WWLCD?

diversityinya:

“I spent a lot of time thinking that my being Hispanic was something I had to get past in order to be successful. Sure, I was Cuban. I spoke Spanish. But it mattered more that I could shine academically. My roots were something that I kept completely separate from my idea of what success was going to be. And that’s sad. Because what I had found in life is that my culture and my roots were so entwined with my success.
I want to bring to kids this notion that who they are, the language of their families, whoever their families were in their home country, whether humble people, big-shot people—everybody’s story has value. I don’t want anybody to feel like they have to be embarrassed by their cultural heritage or it’s something that they have to get past in order to make it in this country.
They’re exactly enough. Who they are is exactly enough.”
— Author Meg Medina, “Telling the Story of You” (NEA Arts Magazine)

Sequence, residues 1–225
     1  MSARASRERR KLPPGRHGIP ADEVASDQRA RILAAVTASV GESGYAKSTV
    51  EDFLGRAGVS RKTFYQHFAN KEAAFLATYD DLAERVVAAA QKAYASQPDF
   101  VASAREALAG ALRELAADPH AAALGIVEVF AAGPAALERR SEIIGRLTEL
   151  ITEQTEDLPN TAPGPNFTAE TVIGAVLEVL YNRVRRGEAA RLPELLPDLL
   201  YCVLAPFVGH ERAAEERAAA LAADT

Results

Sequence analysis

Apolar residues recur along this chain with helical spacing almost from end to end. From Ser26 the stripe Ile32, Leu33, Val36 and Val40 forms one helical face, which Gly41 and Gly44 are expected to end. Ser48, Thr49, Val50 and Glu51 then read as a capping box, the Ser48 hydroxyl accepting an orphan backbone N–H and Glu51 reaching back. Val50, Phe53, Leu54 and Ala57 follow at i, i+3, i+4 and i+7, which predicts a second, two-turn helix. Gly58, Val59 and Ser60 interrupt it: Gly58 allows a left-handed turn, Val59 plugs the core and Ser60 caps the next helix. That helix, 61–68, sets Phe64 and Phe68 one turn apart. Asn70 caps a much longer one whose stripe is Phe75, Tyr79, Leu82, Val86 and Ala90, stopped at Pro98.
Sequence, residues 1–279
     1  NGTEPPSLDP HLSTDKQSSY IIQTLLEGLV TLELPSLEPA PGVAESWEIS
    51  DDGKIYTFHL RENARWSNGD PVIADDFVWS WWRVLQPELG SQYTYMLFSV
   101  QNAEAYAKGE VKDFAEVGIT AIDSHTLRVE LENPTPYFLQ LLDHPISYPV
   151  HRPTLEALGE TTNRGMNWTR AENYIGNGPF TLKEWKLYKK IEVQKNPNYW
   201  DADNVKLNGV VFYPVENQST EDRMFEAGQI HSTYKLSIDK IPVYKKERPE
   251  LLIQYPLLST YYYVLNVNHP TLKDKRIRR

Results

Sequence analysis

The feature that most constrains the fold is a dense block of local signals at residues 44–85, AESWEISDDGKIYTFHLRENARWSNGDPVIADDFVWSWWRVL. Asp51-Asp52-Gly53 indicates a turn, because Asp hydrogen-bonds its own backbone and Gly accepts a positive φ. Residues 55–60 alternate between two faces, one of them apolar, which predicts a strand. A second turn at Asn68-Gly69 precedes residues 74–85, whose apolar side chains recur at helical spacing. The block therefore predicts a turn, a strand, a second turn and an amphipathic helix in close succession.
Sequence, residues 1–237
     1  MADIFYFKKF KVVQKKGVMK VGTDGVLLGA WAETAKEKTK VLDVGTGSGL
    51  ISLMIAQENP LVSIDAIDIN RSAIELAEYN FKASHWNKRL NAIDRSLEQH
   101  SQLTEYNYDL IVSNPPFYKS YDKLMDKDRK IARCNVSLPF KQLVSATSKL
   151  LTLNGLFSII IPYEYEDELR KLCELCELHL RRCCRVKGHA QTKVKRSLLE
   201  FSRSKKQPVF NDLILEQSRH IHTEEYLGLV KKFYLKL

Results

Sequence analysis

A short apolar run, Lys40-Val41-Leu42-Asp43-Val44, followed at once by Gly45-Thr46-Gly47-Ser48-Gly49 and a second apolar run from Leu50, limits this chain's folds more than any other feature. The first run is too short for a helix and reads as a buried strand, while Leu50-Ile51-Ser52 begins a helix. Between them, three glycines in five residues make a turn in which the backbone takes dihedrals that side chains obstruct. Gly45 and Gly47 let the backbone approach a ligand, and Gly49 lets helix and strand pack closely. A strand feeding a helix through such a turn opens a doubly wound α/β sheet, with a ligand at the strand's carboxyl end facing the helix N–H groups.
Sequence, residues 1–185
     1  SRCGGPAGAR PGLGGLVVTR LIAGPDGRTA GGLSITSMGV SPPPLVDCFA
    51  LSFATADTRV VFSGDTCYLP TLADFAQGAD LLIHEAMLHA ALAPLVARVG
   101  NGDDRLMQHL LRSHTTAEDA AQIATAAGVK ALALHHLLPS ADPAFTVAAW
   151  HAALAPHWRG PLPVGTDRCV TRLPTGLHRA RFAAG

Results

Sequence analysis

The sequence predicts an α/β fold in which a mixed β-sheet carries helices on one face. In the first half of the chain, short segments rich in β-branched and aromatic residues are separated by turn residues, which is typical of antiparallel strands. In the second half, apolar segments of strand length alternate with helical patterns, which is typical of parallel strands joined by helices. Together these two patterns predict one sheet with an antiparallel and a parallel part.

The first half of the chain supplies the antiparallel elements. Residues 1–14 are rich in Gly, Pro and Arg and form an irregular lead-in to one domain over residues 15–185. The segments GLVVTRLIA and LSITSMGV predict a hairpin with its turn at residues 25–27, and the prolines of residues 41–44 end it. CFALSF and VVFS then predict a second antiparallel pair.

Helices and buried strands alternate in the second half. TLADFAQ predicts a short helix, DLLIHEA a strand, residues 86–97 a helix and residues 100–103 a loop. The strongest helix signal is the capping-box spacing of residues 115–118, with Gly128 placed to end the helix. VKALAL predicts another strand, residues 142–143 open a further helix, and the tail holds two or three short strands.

diversityinya:

I spent a lot of time thinking that my being Hispanic was something I had to get past in order to be successful. Sure, I was Cuban. I spoke Spanish. But it mattered more that I could shine academically. My roots were something that I kept completely separate from my idea of what success was going to be. And that’s sad. Because what I had found in life is that my culture and my roots were so entwined with my success.

I want to bring to kids this notion that who they are, the language of their families, whoever their families were in their home country, whether humble people, big-shot people—everybody’s story has value. I don’t want anybody to feel like they have to be embarrassed by their cultural heritage or it’s something that they have to get past in order to make it in this country.

They’re exactly enough. Who they are is exactly enough.”

Author Meg Medina, “Telling the Story of You” (NEA Arts Magazine)